6. Mauisaurus

Mauisaurus was named after the Maori god Maui, who pulls the islands of New Zealand up from the sea floor with a fish hook, so already you know this thing is going to be enormous. The neck of Mauisaurus measured up to 49 feet long; the longest balanced neck of any living thing aside from some sauropod dinosaurs. Their overall length was about 66 feet, and that ludicrously long neck had plenty of vertebrae, implying that it was supple. Imagine a snake strung through a sea turtle with no shell, and you have an estimated idea of what this thing looked like.

It lived back in the Cretaceous era, meaning that creature that jump in the water avoid Velociraptors and Tyrannosaurs had to contend with these; the jury is out on which is worse. As far as science can tell, Mauisaurus was limited to the New Zealand area, presentation that the area that would one day become Australia and its neighbors was always a land of terror.

7. Jaekelopterus rhenaniae

Nothing about the words “sea scorpion” is comforting to begin with, so this should not come off as too awful: this was one of the two major arthropods to have ever lived, reaching a length of over 8 feet of armored, claw horror. Most of us freak out at the thought of inch-long ants and foot wide spiders, so it’s easy to imagine loud like a little girl if you ever stumble across a living one of these.

On the plus side, sea scorpions have been died out since before the dinosaurs, having been wiped out in the Permian Triassic extinction event and are only survived, to some degree, by mascot crabs, which are even less alarming than regular crabs. There is no evidence that any sea scorpions were actually venomous, but the arrangement of their tail is similar to a modern scorpion’s, so it might have been.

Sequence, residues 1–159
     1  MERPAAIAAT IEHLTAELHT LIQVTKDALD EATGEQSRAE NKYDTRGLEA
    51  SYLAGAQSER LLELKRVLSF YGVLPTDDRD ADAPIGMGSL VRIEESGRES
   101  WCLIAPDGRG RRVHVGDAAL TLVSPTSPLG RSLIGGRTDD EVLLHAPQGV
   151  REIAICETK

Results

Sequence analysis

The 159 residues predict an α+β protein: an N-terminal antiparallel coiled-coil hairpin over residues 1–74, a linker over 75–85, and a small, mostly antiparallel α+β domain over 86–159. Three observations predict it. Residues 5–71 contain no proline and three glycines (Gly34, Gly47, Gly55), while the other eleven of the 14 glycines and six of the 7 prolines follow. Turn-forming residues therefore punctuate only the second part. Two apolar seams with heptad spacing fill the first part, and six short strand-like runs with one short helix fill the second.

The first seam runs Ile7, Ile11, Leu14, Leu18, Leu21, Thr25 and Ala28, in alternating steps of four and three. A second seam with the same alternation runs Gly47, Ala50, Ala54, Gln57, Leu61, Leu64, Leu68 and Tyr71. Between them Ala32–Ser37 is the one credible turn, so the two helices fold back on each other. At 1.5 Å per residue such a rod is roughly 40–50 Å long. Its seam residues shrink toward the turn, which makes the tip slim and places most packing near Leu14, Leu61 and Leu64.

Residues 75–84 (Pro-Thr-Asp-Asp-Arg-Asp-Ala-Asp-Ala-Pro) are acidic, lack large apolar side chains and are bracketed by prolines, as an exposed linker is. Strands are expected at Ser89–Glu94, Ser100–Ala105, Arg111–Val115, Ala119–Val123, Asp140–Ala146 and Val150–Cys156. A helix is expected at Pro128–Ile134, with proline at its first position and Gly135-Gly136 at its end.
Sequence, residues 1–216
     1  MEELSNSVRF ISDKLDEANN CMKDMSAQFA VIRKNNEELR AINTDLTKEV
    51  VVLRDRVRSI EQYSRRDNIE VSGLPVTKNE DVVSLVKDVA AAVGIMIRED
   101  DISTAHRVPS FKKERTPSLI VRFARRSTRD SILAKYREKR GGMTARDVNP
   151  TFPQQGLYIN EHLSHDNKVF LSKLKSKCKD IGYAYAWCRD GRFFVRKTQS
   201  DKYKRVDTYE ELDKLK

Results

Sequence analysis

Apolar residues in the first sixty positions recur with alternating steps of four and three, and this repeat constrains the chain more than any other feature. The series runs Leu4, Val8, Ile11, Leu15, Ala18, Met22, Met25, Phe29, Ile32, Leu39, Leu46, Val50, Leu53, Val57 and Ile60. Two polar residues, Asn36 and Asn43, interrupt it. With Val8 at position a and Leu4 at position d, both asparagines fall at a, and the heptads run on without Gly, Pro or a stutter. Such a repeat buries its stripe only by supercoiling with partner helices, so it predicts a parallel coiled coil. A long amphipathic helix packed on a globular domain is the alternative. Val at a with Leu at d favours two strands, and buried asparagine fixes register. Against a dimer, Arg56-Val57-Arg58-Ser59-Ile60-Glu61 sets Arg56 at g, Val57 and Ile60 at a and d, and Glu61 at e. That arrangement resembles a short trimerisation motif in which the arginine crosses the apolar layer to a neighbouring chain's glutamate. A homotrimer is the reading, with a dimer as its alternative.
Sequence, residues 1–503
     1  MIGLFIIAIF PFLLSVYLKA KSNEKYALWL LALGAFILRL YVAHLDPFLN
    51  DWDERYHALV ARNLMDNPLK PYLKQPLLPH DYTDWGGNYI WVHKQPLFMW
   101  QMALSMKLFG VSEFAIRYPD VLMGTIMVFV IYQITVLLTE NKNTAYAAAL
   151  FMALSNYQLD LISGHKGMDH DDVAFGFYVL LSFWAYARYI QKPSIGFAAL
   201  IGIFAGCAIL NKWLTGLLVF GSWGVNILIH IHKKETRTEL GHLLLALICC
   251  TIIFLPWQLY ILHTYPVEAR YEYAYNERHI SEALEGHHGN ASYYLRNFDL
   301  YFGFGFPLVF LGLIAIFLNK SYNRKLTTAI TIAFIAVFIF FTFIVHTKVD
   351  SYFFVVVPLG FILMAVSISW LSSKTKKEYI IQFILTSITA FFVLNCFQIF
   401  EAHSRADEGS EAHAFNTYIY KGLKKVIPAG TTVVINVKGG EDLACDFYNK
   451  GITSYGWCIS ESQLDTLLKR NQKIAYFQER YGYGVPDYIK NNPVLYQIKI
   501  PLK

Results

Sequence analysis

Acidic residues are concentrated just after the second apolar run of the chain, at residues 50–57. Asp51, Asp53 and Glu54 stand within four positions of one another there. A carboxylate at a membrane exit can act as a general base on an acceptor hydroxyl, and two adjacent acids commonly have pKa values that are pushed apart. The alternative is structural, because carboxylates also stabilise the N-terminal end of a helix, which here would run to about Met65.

8. Basilosaurus

Despite the name and appearance, that is not a reptile, but actually a whale Basilosaurs were predatory ancestors of modern whales, and could be 50 to 85 feet long! It is explain as being the closest a whale has ever come to being a snake because of how long and sinuous it was. Imagine swimming in the ocean with an 80+ foot long alligator-snake-whale. Now imagine being frightened to even take a bath ever again.

Physical evidence suggests that basilosaurus did not have the cognitive ability of modern whales, or the ability to echolocate, and could only navigate in 2 dimensions. So at least this monster whale was dumber than a bag of prehistoric hammer and could not chase you if you dove or knotted out on dry land, probably forever.

9. Liopleurodon

If Jurassic Park had an aquarium scene, and actually feature more animals from the Jurassic period, liopleurodon probably would have been in it. Though the actual length of these beasts is contested most agree that it was around 20 feet in length, with a full fifth of that being pointy-toothed head. When the mouth of the “smaller” approximation is still plenty large to eat you whole, I think that is perfectly huge enough.

Scientists have tested the paddle design of this creature on small swim robots and found that although they would not have been very fast, they were incredibly agile. They also would have been able to make short, fast burst attack like crocodiles, which in no way makes them any less threatening.

10. Megalodon

Megalodon is probably the best-known creature in the list; it’s hard to keep the idea of a shark the size of a school bus out of pop civilization. Plus, science-minded activity sources like the detection Channel love creatures that could pass for a movie monster. Despite the well-liked idea that Megalodon coexisted with dinosaurs, they lived from 25 to 1.5 million years ago, sense that at best they miss the last dinosaur by 40 million years. On the other hand, this meant they might have still been around for the first humans. Eek.

Megalodons swam the warm oceans that were around until the last ice age in the early Pleistocene, which may have robbed them of their propagation grounds and food. Sometimes, it seems nature has our back.